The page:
Constitution OK with Immigration Tests on Religion
Andrew C. McCarthy, Senior Fellow at National Review and former Assistant United States Attorney for the Southern District of New York, writes in National Review that Donald Trump’s proposed temporary ban on Muslim immigration is not unconstitutional. McCarthy notes that “properly vetting would-be immigrants’ religious beliefs is not only legal — it would be wise and prudent.”
Claim is Heedless of Islamic doctrinal roots on which Jihadists base their anti-Americanism
Of all the ignorant pronouncements in the 2016 presidential campaign, the dumbest may be that the Constitution forbids a “religious test” in the vetting of immigrants. Monotonously repeated in political speeches and talking-head blather, this claim is heedless of the Islamic doctrinal roots on which foreign-born Islamists and the jihadists they breed base their anti-Americanism. It is also dead wrong.
The clause said to be the source of this drivel is found in Article VI. As you’ll no doubt be shocked to learn, it has utterly nothing to do with immigration. The clause states, “no religious Test shall ever be required as a Qualification to any Office or public Trust under the United States” (emphasis added). On its face, the provision is not only inapplicable to immigrants at large, let alone aliens who would like to be immigrants; it does not even apply to the general public. It is strictly limited to public officials — specifically to their fitness to serve in government positions.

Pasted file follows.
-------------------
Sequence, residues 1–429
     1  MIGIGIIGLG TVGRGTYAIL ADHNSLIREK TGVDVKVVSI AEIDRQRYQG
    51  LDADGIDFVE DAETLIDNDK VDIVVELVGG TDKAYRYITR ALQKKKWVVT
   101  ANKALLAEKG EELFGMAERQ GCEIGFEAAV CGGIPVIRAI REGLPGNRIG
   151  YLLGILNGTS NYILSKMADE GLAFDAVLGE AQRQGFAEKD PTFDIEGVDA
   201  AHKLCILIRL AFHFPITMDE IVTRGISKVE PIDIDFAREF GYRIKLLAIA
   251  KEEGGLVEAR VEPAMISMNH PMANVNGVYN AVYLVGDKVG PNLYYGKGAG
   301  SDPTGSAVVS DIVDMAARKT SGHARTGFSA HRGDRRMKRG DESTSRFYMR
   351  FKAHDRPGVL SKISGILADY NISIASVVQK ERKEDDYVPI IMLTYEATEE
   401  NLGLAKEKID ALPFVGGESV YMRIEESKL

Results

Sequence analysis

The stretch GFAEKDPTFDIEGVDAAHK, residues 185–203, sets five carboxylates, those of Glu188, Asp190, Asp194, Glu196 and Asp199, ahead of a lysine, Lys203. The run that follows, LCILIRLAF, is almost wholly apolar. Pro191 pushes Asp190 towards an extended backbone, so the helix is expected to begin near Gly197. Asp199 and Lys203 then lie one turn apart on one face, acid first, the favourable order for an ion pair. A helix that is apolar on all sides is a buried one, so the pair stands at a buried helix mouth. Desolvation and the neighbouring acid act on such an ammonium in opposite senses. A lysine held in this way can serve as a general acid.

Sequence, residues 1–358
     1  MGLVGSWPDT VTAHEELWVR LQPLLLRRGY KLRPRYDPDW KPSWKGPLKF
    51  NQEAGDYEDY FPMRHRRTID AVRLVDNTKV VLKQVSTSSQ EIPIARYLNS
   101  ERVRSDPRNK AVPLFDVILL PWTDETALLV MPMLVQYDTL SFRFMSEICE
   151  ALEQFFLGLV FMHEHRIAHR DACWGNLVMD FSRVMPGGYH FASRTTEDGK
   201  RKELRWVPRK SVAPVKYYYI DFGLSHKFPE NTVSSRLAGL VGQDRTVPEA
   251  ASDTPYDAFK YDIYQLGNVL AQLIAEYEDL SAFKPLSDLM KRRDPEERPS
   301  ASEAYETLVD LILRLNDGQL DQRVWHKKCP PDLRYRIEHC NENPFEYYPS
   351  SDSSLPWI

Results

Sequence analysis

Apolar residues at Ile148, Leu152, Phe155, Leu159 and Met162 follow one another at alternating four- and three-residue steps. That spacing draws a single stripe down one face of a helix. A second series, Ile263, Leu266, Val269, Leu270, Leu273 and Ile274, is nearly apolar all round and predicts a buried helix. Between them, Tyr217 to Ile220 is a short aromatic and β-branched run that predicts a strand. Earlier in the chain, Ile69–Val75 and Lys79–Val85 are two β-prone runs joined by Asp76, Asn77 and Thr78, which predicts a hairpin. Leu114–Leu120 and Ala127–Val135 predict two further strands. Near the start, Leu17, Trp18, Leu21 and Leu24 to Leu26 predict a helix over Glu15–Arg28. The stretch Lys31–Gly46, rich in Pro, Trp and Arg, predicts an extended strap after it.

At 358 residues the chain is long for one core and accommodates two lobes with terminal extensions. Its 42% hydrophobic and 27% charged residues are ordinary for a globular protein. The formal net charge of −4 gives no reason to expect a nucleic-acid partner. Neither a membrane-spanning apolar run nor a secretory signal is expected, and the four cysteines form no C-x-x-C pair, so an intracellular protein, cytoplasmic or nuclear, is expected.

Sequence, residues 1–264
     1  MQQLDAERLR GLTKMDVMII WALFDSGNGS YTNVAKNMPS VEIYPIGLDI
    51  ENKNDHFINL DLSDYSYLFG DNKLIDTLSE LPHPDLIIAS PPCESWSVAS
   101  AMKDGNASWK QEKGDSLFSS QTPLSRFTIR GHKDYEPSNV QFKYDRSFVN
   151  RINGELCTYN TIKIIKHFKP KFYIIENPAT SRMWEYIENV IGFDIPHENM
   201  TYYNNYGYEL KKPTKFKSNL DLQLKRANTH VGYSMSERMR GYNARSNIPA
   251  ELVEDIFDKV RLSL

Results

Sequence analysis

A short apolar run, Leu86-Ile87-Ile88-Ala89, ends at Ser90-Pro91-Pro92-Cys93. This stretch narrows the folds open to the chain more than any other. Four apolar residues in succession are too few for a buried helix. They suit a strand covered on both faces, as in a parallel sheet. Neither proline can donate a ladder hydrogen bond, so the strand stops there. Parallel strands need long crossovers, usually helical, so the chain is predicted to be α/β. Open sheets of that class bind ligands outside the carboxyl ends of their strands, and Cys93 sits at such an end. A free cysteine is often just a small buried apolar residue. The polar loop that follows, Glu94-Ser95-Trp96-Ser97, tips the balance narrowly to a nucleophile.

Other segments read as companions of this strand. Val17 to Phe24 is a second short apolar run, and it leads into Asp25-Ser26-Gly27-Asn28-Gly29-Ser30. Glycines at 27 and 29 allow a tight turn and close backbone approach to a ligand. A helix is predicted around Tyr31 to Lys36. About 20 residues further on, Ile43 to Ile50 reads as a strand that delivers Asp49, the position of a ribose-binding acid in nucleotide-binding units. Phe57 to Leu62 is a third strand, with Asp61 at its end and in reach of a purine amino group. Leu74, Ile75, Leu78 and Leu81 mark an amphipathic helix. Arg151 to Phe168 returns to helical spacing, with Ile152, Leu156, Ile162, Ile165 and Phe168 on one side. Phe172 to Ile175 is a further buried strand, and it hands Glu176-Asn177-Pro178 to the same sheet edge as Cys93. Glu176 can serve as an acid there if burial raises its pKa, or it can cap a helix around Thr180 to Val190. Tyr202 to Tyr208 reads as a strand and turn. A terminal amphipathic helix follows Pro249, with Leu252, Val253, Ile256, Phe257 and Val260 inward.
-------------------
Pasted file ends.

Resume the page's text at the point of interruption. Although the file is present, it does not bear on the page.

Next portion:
This is equally clear from the clause’s context. Right before the “no religious Test” directive, Article VI decrees that elected and appointed officials “shall be bound by Oath or Affirmation, to support this Constitution[.]” An oath of office customarily requires the official to “solemnly swear” that he or she will support and defend the Constitution, “so help me God.” (See, e.g., the oath prescribed by federal law.) The Framers tacked on the “no religious test” clause to clarify that the mandate of a solemn oath before taking office did not mean fidelity to a particular religious creed was required. The same principle informs the First Amendment’s prohibition on the establishment of a state religion.
This is as it should be. The Constitution prescribes very few qualifications for even the highest offices because its purpose is to promote liberty, which vitally includes the freedom to elect whomever we choose, to vote our own private consciences.
The principal check on public officials is the ballot box, not the law’s minimalist requirements.
As voters, we have the right to weigh a candidate’s religious beliefs as a significant part of the total package. We have done so from the Republic’s founding — and to this day, virtually all candidates take pains to wear their faith, however nominal, on their sleeves. When the loathsome Jeremiah Wright fleetingly became an issue in the 2008 campaign, Barack Obama did not thunder, “Under the Constitution, you must not inquire into my religious beliefs!” He threw the Rev under the bus. When it comes to choosing those who will represent us, we do not limit ourselves by intrusive laws, but we reserve the right to bring to bear any consideration, including religion, that we deem relevant.